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Abrasive Pastes for Pen Makers

Phil - Beaufort Ink -  4 Nov 2022 18:00:00 Other articles...

Phil Dart
November 2022

You may not have come across abrasive pastes before now. There again, you might have done, even if you’re a traditionalist - and the one you might have come across most is Yorkshire Grit.

Unless you’re in the US though, you might need to find an alternative to Yorkshire Grit fairly soon, but more on that a bit later.

What the heck is an abrasive paste anyway?

They’re all much the same as each other to be honest - they consist of a blend of waxes and abrasive particles which can be used to sand and polish the work you’ve just turned on the lathe, without the need for a pile of traditional abrasives in ever finer grits. Some contain mineral oil to thin the wax, and some contain a blend of hard and soft waxes, but as I say, they’re all pretty much the same.

Ok, abrasive paste doesn’t replace quite all traditional abrasives, as you still need to sand to 240 grit before you begin using it, and you need to make sure that all your tooling marks have been removed. Once you’ve done that though, you stop the lathe and apply a coating of the paste, then power up the lathe again and work the paste with a cloth or tissue. As you do so, the abrasive particles in the paste break down and become increasingly finer, whilst still retaining their cutting edge, and the result is a fine surface finish on the work piece, as if by magic.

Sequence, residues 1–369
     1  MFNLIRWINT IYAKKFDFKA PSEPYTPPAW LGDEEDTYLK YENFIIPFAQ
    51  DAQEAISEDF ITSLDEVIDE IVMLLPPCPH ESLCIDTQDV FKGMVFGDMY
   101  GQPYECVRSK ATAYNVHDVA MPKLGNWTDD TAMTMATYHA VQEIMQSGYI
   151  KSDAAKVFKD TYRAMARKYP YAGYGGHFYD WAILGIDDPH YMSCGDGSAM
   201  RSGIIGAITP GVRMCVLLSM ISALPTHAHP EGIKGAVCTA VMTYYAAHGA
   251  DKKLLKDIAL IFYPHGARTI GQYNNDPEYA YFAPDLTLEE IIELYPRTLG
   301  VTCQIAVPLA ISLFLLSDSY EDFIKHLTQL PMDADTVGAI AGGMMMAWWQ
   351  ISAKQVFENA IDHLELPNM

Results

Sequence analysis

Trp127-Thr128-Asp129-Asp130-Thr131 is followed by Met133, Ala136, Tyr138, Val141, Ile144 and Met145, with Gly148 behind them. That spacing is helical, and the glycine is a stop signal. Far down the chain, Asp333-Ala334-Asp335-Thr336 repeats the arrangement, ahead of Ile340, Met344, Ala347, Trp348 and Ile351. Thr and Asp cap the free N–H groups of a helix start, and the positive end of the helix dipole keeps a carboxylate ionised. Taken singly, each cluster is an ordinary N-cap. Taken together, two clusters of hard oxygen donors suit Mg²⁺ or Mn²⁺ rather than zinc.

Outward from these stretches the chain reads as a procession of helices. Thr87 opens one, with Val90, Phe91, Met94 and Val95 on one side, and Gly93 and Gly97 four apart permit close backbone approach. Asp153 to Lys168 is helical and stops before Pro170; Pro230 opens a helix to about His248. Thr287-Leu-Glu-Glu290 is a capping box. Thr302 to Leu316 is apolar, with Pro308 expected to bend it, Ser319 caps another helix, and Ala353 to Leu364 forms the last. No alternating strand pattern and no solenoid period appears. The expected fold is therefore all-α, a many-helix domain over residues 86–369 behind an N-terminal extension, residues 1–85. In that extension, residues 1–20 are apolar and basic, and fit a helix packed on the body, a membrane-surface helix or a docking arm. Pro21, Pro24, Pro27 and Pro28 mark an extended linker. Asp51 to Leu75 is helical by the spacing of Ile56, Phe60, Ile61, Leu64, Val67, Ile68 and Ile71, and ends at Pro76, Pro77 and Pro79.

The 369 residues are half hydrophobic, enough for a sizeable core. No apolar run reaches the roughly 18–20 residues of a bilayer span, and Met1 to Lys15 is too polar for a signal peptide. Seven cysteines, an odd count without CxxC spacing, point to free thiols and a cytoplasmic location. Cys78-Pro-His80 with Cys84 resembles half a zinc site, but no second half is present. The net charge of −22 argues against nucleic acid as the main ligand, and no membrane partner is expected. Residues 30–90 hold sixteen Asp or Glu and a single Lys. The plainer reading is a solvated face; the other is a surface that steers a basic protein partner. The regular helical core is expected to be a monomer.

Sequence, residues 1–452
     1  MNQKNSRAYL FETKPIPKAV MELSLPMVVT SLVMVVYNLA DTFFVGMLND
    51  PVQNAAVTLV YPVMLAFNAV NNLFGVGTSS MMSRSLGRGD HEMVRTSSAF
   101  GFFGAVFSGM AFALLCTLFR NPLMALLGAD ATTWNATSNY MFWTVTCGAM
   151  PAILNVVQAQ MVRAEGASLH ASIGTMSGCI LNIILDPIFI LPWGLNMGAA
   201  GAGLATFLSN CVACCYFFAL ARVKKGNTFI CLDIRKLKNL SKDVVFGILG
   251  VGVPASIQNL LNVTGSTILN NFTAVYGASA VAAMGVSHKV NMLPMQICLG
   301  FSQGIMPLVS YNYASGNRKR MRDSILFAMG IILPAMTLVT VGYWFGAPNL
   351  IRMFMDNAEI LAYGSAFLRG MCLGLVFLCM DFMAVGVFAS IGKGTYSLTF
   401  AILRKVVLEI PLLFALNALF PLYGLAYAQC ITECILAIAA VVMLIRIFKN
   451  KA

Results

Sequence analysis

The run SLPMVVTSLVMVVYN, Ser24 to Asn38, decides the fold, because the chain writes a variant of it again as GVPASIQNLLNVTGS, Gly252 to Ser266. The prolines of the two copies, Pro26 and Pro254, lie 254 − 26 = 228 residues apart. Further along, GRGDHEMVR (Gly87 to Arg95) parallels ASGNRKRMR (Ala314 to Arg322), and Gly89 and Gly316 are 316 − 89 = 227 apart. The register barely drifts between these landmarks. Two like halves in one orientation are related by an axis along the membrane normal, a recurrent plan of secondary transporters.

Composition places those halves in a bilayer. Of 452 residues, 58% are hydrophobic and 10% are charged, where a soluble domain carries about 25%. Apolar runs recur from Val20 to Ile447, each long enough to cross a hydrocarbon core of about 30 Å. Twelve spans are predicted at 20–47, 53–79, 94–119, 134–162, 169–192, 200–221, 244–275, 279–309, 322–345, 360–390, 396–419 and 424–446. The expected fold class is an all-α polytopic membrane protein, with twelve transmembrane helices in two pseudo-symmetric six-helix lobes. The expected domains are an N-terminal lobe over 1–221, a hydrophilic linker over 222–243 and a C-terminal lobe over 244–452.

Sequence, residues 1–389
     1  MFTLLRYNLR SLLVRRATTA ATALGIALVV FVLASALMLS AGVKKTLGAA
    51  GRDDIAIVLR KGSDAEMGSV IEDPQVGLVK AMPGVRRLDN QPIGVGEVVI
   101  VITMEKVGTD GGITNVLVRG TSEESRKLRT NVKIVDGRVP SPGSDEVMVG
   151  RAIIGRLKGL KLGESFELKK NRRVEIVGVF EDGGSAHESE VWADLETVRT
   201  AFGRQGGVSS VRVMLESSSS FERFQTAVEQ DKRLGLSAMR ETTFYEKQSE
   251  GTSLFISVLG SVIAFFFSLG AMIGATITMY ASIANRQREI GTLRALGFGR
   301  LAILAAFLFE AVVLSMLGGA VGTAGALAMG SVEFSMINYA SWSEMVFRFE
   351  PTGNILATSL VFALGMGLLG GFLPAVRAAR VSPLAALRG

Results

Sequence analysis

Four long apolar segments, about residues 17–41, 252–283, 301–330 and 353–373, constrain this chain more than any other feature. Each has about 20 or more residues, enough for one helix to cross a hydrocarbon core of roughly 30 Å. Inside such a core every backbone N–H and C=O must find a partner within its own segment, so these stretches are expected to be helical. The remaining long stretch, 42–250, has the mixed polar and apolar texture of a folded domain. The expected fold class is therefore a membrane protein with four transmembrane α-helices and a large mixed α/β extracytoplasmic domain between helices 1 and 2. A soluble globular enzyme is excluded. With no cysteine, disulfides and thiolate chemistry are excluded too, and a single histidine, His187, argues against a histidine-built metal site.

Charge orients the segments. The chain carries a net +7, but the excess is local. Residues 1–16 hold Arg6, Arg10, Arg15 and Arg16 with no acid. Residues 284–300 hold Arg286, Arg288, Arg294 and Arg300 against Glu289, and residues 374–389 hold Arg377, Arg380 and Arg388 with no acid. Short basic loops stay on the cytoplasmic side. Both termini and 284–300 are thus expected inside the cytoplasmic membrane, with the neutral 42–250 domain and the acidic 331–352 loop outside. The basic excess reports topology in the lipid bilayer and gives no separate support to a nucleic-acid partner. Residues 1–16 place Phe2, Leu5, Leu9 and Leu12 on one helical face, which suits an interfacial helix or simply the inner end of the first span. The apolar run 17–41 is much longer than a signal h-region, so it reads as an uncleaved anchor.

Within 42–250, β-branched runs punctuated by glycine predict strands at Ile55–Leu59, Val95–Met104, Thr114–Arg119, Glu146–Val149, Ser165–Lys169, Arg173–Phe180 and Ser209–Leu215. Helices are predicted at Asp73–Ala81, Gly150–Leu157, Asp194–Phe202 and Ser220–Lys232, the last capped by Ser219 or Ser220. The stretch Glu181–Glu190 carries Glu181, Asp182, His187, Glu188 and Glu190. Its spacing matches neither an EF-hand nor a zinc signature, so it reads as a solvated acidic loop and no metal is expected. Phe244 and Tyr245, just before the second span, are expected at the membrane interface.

Buff the workpiece with a clean cloth or tissue to remove any visible residue, after which, wood can then be overcoated with a wax finish if that’s what you want to do, whilst acrylics and ebonite don't need any further finishes applied to them at all, other than maybe a top coat of microcrystalline wax to keep the fingerprints off.

Wow! Why don’t we all just forget about traditional abrasives and buy abrasive paste by the bucket load instead?

The reason is, or at least the main reason is that the carrier in all these pastes is wax. That’s great if you want to apply a top coat of wax, or if you don’t actually need a final finish, but it’s no good at all if you want to apply a chemical finish at the end, such as a lacquer, or CA, or a varnish for instance.

The thing is, despite what the makers of some of these pastes try to avoid telling you, is that although you might think a melamine or your CA finish looks great on the pen you’ve just sanded with an abrasive paste, chemical finishes will not adhere properly to wax. Even if you believe you've thoroughly removed all the wax, a chemical finish applied after an abrasive paste will have no long-term resilience. You can put wax on top of chemical finishes, but you can't put chemical finishes on top of wax.

It means that abrasive paste is brilliant for acrylic pens, or ebonite or stabilised hybrids, but it’s not especially useful for wooden pens.

Generally speaking you’ll want to put a chemical finish on a wooden pen to protect it - a simple wax finish will very quickly wear off in use, since although it’s melting point is about 60 degrees, it will go soft at body temperature long before it turns to a liquid, and therefore wax will soon be gone and will offer very little protection to the wood.

On the other hand, chemical finishes on top of an acrylic are completely un-necessary. There is no need whatsoever to protect an acrylic pen, or an ebonite one to any greater extent than it can already protect itself - the most you’ll want to do is maybe apply some microcrystalline wax to inhibit fingerprints. Microcrystalline wax has a far, far higher melting point that bees wax, at least 100 degrees higher in fact, and is therefore ideal for the purpose.

And..... microcrystalline wax will sit very happily indeed over the top of the residue from an abrasive paste., which in any case is a good deal easier to remove from a piece of turned acrylic than it is from the  grain and micropores of a turned piece of wood.